(1) In this paper, the offset sampling method is used to expand the data, which effectively solves the problem of insufficient samples in the data set. This offset sampled data can then be brought into the 1D DenseNet model for voting classification, and has achieved very good recognition effect.

(2) A set of 1D DenseNet submodels is created, and the voting results of each submodel are combined. The recognition accuracy improves significantly as the number of submodels increases, and even if the recognition is incorrect, the prediction results are very close to the real results.

(3) Investigate the internal mechanism of the submodel trained by 1D DenseNet by reducing the dimension and visualizing the feature map of each model, and conclude that the model can automatically decorrelate, and the classification effect will improve as the network layer is deepened. In the last layer of the model you can see classification results; after offset sampling samples will cluster according to their respective category labels; only a few will be identified with other labels; this can serve as a basis for submodel voting.

The submodel used in this paper is established by 1D DenseNet, because the author considers DenseNet to be a relatively novel CNN that has been shown in some studies to be an algorithm suitable for damage identification. In fact, the submodel of this method can be any algorithm or a different algorithm, and I believe that different results will be obtained after experimenting. The cantilever beam simulated by ABAQUS is used in this paper, and the proposed method is validated by increasing the difficulty of identification with white Gaussian noise, without considering more damage situations and experimental verification, but the author believes that the ensemble method proposed in this paper can be applied to these situations.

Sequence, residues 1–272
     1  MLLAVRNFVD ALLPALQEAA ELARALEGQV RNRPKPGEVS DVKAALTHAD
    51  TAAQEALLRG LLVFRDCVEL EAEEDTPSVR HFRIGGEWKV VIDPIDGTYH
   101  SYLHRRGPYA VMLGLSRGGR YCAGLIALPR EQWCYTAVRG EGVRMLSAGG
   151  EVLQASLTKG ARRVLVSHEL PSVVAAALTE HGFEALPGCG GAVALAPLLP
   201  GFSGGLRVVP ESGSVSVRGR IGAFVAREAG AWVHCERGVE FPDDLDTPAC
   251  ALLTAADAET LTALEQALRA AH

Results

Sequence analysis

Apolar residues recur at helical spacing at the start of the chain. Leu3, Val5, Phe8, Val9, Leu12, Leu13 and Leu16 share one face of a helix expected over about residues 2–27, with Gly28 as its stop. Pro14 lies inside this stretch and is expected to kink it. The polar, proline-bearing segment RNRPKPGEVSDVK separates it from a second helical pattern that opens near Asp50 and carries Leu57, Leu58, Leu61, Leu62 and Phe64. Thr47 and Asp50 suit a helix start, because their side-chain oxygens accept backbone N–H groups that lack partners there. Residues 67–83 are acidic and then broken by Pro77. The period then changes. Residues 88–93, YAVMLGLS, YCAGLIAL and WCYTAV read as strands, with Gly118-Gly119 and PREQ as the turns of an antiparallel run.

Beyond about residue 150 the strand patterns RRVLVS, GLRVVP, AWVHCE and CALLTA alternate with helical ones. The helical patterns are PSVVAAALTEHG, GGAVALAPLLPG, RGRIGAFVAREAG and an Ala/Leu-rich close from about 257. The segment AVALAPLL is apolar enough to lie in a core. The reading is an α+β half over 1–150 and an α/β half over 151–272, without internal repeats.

Acknowledgement: None.

Funding Statement: The authors received no specific funding for this study.

Author Contributions: The authors confirm contribution to the paper as follows: study conception and design: Chun Sha; data collection: Chun Sha, Wenchen Wang; analysis and interpretation of results: Chun Sha, Chaohui Yue and Wenchen Wang; draft manuscript preparation: Chun Sha, Chaohui Yue. All authors reviewed the results and approved the final version of the manuscript.

Availability of Data and Materials: The data that support the findings of this study are available from the corresponding author, upon reasonable request.

Conflicts of Interest: The authors declare that they have no conflicts of interest to report regarding the present study.

## References

1. Farrar, C. R., Worden, K. (2007). An introduction to structural health monitoring. Philosophical Transactions of the Royal Society A: Mathematical, Physical and Engineering Sciences, 365(1851), 303–315. [Google Scholar]

2. Fan, W., Qiao, P. (2011). Vibration-based damage identification methods: A review and comparative study. Structural Health Monitoring, 10(1), 83–111. https://doi.org/10.1177/1475921710365419 [Google Scholar] [CrossRef]

3. Pathirage, C. S. N., Li, J., Li, L., Hao, H., Liu, W. et al. (2018). Structural damage identification based on autoencoder neural networks and deep learning. Engineering Structures, 172, 13–28. https://doi.org/10.1016/j.engstruct.2018.05.109 [Google Scholar] [CrossRef]